“The way you can do that is by making people care about voting more, not by making it so easy that you can do during a commercial break of ‘American Idol,’” Goldberg said.
But Arizona voter Kathryn Sullivan Graf said she was happy to have the chance to cast an early ballot – even if her candidate was one of the many who dropped out.
Graf said she does not regret her vote for Pete Buttigieg, the former mayor of South Bend, Ind., and first openly gay presidential candidate from a major party. She said she is not troubled by the large number of candidates on the ballot, even though most are no longer running.
“I think it’s great that so many people were trying,” she said last week. “It’s a large shame that it has narrowed down to pretty much older white men and I don’t think that displays the diversity that the Democratic Party has to offer.”
Matt Grodsky, spokesperson for Arizona Democratic Party, said votes like Graf’s will not go to waste, even though party rules require a candidate to earn at least 15% of the vote before they can win any of the state’s 67 delegates.
“So even if people are casting their ballot for a candidate that has dropped out and is no longer in the race, that delegate still technically goes towards that person,” Grodsky said. “It’s not necessarily a completely wasted vote because it’s not a winner-take-all delegate primary process.”
Grodsky believes many voters will hold on to their ballots until after Sunday’s debate in Phoenix, and turn the ballot in after that. And OH Predictive Insights reported this week that almost 60 percent of Arizona early voters were still hanging on to their ballots as of Super Tuesday and could make a last-minute change.
Grodsky said it is not unusual to have a large number of candidates fall off the ballot, but Brad Nelson, director of the Elections Department for the Pima County Recorder’s Office, said this year is an outlier, with two-thirds of the primary ballot no longer running.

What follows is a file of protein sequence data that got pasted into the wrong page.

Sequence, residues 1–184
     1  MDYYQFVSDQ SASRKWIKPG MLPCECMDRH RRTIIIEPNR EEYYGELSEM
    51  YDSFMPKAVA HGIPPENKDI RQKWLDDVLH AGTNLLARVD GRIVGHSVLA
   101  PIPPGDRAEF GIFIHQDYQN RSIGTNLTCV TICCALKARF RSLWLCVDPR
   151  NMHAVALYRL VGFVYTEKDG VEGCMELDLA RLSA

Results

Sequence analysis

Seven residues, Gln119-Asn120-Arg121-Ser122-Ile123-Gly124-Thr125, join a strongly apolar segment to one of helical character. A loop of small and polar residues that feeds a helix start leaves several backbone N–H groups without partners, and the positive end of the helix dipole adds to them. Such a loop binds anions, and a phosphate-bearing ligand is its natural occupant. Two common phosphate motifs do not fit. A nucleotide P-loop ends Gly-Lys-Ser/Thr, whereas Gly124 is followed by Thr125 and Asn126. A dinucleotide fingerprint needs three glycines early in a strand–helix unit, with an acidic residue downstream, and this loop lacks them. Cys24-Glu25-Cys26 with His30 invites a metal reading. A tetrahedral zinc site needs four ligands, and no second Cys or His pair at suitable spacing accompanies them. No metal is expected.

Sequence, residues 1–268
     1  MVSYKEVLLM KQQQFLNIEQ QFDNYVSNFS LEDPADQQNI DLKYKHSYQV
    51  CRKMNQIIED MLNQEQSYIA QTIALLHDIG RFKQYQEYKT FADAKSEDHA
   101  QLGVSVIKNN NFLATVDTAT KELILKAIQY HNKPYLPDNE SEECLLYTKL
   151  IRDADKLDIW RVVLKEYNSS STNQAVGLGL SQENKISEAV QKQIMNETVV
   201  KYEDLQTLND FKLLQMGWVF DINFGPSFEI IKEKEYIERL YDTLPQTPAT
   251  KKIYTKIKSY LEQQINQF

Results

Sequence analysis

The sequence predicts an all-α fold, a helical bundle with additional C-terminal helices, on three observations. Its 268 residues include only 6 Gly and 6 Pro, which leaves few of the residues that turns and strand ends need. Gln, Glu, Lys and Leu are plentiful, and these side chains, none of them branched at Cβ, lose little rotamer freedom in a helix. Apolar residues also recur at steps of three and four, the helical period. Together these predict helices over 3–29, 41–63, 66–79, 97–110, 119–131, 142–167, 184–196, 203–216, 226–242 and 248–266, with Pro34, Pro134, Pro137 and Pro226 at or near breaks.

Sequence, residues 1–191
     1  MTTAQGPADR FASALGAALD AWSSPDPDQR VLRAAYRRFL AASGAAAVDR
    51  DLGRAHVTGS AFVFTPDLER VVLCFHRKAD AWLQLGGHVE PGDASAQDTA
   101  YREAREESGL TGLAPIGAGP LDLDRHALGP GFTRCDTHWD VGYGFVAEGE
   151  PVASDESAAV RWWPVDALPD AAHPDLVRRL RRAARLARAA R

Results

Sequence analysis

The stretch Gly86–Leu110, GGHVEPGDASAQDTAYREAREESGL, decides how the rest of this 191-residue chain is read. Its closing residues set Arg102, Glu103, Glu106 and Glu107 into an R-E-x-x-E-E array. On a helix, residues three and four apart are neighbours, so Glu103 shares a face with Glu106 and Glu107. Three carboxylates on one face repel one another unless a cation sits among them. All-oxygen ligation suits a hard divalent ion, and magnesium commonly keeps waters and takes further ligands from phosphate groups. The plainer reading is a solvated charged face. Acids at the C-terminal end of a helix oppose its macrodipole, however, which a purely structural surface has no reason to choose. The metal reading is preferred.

“I don’t think we’ve ever hit that high of a percentage of withdrawals,” Nelson said.
While votes for those zombie candidates will still be counted, and may even win delegates, Nelson said “it won’t really have much of a difference” in the final outcome.
Tom Collins, executive director of Arizona Citizens Clean Elections Commission, said there is still a slim chance for early voters to change their ballot if it’s marked for New Jersey Sen. Cory Booker, who dropped out in December, or Massachusetts Sen. Elizabeth Warren, who dropped out last week. If they still have the ballot, Collins said, voters can go to their polling location and ask officials there to “spoil” the marked ballot and issue a new one.
Amy Dacey, executive director of the Sine Institute of Policy and Politics at American University, said it is possible candidates who dropped out could encourage followers to spoil their ballots and cast them for a candidate they endorsed. But she acknowledged a lot of “what ifs” in that scenario, at a time when “things are changing very rapidly.”
Both Graf and Gastineau said they’re trying to decide which of the remaining Democrats to support. But Graf said that, in a way, she is glad she voted when she did – when Buttigieg was still a candidate.
“I’m very happy I had the chance to vote for Pete,” she said. “As a matter of fact, I would have been more disappointed, I think, if he had dropped out and our election was weeks for months off.
“He’s the only person I would have truly felt wholeheartedly positive about voting for,” said Graf.
Story by McKenzie Sadeghi, Cronkite News